As many of you are aware, last week was ACA’s annual National Conference at Disney’s Coronado Springs Resort in Lake Buena Vista, Florida. With amazing weather, fantastic people, and super informative sessions, it was an incredible conference for both practitioners, researchers, and everyone in between! I thought I’d take this opportunity to share with you three research-related takeaways from the conference.
1. Research in camp settings isn’t that hard.
On Tuesday afternoon, I went to a fantastic session by Mary Rogers (of Sherwood Forest Camp and ACA’s Committee for the Advancement of Research and Evaluation) and Deb Bialeschki (senior researcher at ACA). The 75-minute session, titled “Measuring Outcomes 101: Easy Steps for Beginners” flew by as Mary and Deb explained why some people are hesitant to incorporate research into their organization, easy ways to take the first step into research, and how research can benefit youth, parents, and camps alike. As practitioners, many people are facing similar challenges, such as a lack of resources to collect data (both time and people), questions about how to analyze it and get the findings out to stakeholders, as well as a general apprehension about how to bridge the gap between research and camp. For those of you who are thinking about trying to incorporate research into your programs, it’s important to have a plan. Here are some helpful tips to consider:
- Know what you want to measure — what type of camper outcomes are you looking for? What tool will you use? For example which of the Youth Outcomes Battery (YOB) scales will be most beneficial for you? Or will you choose to use another measurement tool that’s available?
- Think about how you will use the results — which stakeholders will be receiving the information? Parents, funders, campers? Or is it for you internally to improve your programming? Will this shape what outcomes you’re investigating or what type of information you’re looking for?
- Consider the resources you will need — is this a physical paper and pencil survey for your campers or will it be done online? Which staff members will assist in this process? Do you want to partner up with a local college or university to see if they have any graduate students interested in helping out with the project?
- Think of the specifics about getting it done — when and where will it happen? Are you going to be involved personally, or will you need to train a staff member to do this? Will it occur during rest period in the dining hall with the head counselor or in camper cabins with individual counselors administering paper and pencil surveys?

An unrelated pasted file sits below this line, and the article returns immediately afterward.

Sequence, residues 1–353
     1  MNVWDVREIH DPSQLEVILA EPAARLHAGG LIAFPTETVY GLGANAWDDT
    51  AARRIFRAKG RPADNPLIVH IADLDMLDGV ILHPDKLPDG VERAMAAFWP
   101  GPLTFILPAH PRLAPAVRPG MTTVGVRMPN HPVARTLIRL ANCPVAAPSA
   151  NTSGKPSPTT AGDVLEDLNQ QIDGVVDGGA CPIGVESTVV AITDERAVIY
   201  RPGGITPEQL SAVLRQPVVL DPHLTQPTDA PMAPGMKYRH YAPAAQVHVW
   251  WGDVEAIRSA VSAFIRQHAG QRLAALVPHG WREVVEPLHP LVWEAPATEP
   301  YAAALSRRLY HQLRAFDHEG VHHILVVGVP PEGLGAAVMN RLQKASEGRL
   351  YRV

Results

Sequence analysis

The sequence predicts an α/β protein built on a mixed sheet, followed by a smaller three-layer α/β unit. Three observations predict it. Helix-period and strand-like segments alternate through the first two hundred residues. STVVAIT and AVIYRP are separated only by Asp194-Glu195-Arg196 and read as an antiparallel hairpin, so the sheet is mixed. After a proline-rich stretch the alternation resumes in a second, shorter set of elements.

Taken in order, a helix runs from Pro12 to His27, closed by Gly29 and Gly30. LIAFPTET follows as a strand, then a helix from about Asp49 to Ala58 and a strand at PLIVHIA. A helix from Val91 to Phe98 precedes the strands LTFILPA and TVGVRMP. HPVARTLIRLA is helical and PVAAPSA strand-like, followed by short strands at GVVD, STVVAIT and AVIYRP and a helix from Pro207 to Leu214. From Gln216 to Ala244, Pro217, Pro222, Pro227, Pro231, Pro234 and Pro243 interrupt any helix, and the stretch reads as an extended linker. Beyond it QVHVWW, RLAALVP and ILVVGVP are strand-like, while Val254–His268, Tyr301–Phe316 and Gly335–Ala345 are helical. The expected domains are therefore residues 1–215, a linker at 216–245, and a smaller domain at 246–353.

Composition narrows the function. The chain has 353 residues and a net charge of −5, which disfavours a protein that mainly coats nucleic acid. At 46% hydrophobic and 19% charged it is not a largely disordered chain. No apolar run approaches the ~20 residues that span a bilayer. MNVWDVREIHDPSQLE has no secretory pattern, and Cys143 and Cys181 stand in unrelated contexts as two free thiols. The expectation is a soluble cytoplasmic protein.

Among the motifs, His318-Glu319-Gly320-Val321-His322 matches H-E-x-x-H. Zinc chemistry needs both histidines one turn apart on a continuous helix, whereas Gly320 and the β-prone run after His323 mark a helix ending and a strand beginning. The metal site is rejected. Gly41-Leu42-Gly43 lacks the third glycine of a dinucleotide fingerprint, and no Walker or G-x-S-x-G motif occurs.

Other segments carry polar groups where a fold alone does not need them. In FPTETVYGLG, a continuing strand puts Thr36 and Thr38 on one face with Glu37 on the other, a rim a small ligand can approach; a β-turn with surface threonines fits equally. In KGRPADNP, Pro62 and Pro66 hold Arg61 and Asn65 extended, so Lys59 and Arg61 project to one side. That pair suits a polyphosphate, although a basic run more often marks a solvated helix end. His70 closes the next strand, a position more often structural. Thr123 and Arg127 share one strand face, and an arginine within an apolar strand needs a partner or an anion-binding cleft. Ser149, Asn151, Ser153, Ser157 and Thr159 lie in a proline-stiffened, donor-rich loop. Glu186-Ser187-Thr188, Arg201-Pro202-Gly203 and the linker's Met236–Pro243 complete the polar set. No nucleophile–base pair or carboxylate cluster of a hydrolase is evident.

- Decide what the next steps are — how will you use this information? If, for example, you find that campers haven’t rated their friendship skills as high as you would have liked, will it impact what you include in your staff training for next summer? If you find that campers value the opportunity to try new things at your camp, is this something you can post for parents on your camp’s Facebook page?
2. There’s a lot of research going on all over the country.
Every year, the ACA National Conference includes research sessions. These are short academic like presentations that highlight studies in the camp context. The presenters include everyone from graduate students, to college and university professors, to camp professionals who have implemented research into their programming. Typically, presentations are 15 minutes long with five minutes of questions from the audience at the end, followed by a period of Q & A for all the presenters within a given session. This year’s presentations included topics such as CIT and LIT programs, outcomes of online training for staff, girls’ experience of resiliency in camp, and programs for youth with chronic illness. The presentations were captivating and thought-provoking for many (myself included!) and prompted some fantastic discussions among camp professionals and academics.
Remember from this post that abstracts are short summaries of the research detailing the topic, previous work that has been done in the field and subject area, the methods of the study, some interesting results, as well as how research and practice can move forward with this newfound information. If you missed any of the presentations this year, or simply want to learn more about what was discussed during the research sessions, check out the abstracts from all the research symposiums since 2012. Make sure to check them out, and if you have any questions, feel free to get in touch with the authors listed. They are always happy to explain their work in more detail!